A Day in the Life

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     You would think, given the fact that I only have to write one article per month, here, that I’d have plenty of time to come up with something interesting to write about. Alas, that is not always the case! Indeed, I continued my mental search for an idea right up until the day before this month’s deadline. And while I cannot promise that this article will grip you firmly by the hand and pull you in, I’m hoping that it will, at the very least, appease my editor. So here goes.

     I was having a fairly decent lie in, this morning (as I attempt to do as often as possible, given that I have no “real” job to attend to), until I realized that the pet ducks who live in my back garden had been nattering more than usual. It finally occurred to me that the hubs hadn’t let them out as he usually does. And if no one lets them out of their pen in a timely fashion, you can bet that I’ll hear about it before, during, and even after I’ve opened the pen door. They’re obnoxious little buggers, and the girls are the worst: they quack an inordinate amount of trash talk at me multiple times every day. It’s as if I can’t do anything right. The arguments frequently (but not exclusively) center around their opinions about my care of them:

You’ve kept us much too long in the pen!

We’ve lost valuable worm-catching time!

Hurry along with that bowl of corn and pellets! We’ve been waiting forever!

Must you invade our space yet again?

     And on in that vein. They seem to forget who fills that bowl with corn and pellets, as well as who cleans their pen and fluffs their straw on a daily basis. To their way of thinking, I’m little more than an incompetent scullery maid. Curiously, every other specie that’s in my care seems to view me the same way.

     Naturally, I expect this sort of attitude from my four cats. Tabby Junebug, while not imperious by nature, has certainly perfected the art of begging: she’ll follow me from room to room, meowing insistently that she’s starving to death due to my callous inability to keep the bowl full of kibble. Hearing her, you’d think that she hadn’t had a decent meal in weeks. In reality, there’s still plenty of kibble in the bowl; she simply wants fresh kibble, not that stuff that one of the other cats slobbered on. When I tell her that cats in third world countries would be thrilled to have that slobbered-on kibble, she suggests that I send it to them with her compliments.

     Ginger tabby Spanky meows insistently for a different reason: despite having three other cat in the household, he’s desperately lonely. Always has been. And no amount of attention from me satiates his need. In fact, according to Spanky, I rarely even do attention correctly. More often than not, I’ll pick him up and settle him in my arms upside-down, the way you hold an infant. I’ll tell him how much I love him, and his reply is always the same: Muck, Kelly! He’s simply not a fan of being held upside-down. If truth were told, he’s really not a fan of attention from me at all – unless it involves grooming him, or offering him a treat. He’d much rather get his love and cuddles from the one other cat in the house who really can’t stand him, Gracie.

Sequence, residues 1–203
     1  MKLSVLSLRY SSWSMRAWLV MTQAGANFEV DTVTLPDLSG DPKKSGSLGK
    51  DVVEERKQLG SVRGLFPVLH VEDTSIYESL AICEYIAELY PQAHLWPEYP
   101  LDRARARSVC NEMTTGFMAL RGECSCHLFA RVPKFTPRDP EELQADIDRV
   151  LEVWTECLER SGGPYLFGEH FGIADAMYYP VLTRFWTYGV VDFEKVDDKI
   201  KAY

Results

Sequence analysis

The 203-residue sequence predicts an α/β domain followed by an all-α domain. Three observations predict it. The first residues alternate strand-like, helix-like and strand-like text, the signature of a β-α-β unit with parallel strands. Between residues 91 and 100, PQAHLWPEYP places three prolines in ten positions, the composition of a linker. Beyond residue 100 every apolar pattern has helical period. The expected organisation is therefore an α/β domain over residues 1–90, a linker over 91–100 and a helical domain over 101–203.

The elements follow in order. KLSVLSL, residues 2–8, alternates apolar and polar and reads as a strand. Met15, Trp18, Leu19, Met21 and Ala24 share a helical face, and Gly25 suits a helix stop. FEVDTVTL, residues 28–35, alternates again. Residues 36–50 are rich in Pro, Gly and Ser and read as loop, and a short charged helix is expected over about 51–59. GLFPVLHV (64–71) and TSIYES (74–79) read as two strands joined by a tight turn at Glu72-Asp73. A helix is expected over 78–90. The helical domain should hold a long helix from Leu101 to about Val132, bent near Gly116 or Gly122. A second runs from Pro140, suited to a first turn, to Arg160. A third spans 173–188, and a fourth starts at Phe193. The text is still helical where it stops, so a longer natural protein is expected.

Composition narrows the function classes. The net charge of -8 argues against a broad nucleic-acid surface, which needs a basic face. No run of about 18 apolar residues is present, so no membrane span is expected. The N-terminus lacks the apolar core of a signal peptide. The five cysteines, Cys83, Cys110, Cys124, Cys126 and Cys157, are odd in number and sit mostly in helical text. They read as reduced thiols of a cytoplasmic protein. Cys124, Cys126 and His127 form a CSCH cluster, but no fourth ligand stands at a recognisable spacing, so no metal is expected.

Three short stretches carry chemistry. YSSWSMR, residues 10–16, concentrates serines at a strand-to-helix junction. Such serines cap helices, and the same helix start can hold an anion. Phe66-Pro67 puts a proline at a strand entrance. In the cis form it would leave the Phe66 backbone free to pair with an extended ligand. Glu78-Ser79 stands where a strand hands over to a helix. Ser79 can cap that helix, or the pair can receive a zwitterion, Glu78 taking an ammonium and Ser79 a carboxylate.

Gracie Ellen Tripod, you may recall from previous articles, is our three-legged girl. She’s our youngest (if you can call her that, given that she’s 12-years old), and our friendliest. But she really hates Spanky with a passion. She hates his attempts at play, and she has no interest in cuddling with him. With humans, Gracie is a happy girl who loves to be petted. With other cats, Gracie is a solitary creature, and I find no end to the irony that the only other cat in the house she’s comfortable with is the other loner, Buddy.

     Buddy, as you may remember, is my senile OAP, 15-years old, now. The veterinarian recently ran a battery of tests on him to see whether all his internal parts are still working. They are. Happily, Dr. C. thinks Bud’s in quite good health for his age, which comes as rather a surprise, given that Bud’s taken to yowling frequently over the question of whether that wall in the loo has always been there (it has), or whether it’s a recent addition, designed to confuse him (it’s not).

     Meanwhile, oversized dog Munster requires a reasonable amount of mental stimulation, and a definite amount of physical exertion on a daily basis, which goes a long way toward explaining my otherwise inexplicable weight loss. I’m not complaining, mind; I’m more than happy to lose weight without the agony of having to go to the gym on a regular basis. But having to keep track of how many poo’s Munster has managed in a day’s time, and having to fit his exercise schedule into every single day, can be rather tiring. Some days, I want nothing more than a good cozy nap!

And while all the hoopla is going on inside, and out in the garden, there’s Bit the horse, living just up the road at the barn. We’ve had some lovely weather here, lately, the kind of weather that if you didn’t take advantage of it and go trail riding, you should be flogged. I took advantage of it three days in a row, and thoroughly enjoyed myself. I wish I could say the same for Bit, but he rarely enjoys leaving the property, and spends the entire ride wanting to go back and make sure his herd hasn’t been eaten in his absence. No amount of reassurance from me will convince him that they’re safe.

     At the end of the day, when all the various animals have been watered, fed, and put to bed, there’s one last critter to be reckoned with – the hubs, who comes home from work and complains about why I didn’t have time to clean the house / cook the dinner / do the shopping / fill in the blank. Come to think of it, he sounds an awful lot like the ducks!

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